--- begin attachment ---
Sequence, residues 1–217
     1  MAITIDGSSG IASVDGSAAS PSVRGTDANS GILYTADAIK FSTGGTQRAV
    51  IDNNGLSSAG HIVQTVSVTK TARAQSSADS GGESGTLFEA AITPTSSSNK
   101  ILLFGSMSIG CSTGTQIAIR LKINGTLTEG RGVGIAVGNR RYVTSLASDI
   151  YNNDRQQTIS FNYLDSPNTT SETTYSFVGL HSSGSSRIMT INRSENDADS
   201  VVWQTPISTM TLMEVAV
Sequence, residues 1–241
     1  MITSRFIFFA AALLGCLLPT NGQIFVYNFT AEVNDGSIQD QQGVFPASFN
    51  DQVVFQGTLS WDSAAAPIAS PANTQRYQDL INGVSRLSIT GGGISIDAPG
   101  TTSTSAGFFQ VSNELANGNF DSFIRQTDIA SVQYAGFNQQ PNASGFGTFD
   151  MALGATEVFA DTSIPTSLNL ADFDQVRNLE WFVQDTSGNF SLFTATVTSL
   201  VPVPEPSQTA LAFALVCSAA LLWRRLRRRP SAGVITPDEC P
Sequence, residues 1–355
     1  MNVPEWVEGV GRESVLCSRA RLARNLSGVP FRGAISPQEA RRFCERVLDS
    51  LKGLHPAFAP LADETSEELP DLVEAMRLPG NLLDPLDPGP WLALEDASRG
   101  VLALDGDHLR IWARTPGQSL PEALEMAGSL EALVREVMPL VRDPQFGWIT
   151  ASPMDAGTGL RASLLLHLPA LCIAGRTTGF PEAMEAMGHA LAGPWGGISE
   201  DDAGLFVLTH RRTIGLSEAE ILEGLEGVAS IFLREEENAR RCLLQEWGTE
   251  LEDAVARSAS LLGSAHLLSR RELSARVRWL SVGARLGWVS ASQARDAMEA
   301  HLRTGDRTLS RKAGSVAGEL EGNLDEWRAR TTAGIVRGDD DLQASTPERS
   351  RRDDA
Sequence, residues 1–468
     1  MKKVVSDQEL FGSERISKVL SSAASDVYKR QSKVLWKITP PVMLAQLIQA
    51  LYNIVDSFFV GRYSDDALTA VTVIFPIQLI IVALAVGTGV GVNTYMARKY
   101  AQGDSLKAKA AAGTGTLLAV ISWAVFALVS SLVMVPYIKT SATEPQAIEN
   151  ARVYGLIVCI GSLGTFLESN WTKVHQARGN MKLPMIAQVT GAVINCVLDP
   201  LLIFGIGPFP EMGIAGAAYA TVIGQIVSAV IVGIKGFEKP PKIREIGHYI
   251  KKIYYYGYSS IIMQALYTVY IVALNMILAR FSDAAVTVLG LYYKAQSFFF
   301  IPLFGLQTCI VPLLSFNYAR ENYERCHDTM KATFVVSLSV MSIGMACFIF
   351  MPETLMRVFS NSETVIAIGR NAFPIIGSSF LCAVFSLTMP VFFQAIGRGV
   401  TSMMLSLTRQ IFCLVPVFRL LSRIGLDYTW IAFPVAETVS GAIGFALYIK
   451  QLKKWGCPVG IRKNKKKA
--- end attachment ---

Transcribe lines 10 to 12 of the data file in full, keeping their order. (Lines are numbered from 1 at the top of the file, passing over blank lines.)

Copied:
   101  TTSTSAGFFQ VSNELANGNF DSFIRQTDIA SVQYAGFNQQ PNASGFGTFD
   151  MALGATEVFA DTSIPTSLNL ADFDQVRNLE WFVQDTSGNF SLFTATVTSL
   201  VPVPEPSQTA LAFALVCSAA LLWRRLRRRP SAGVITPDEC P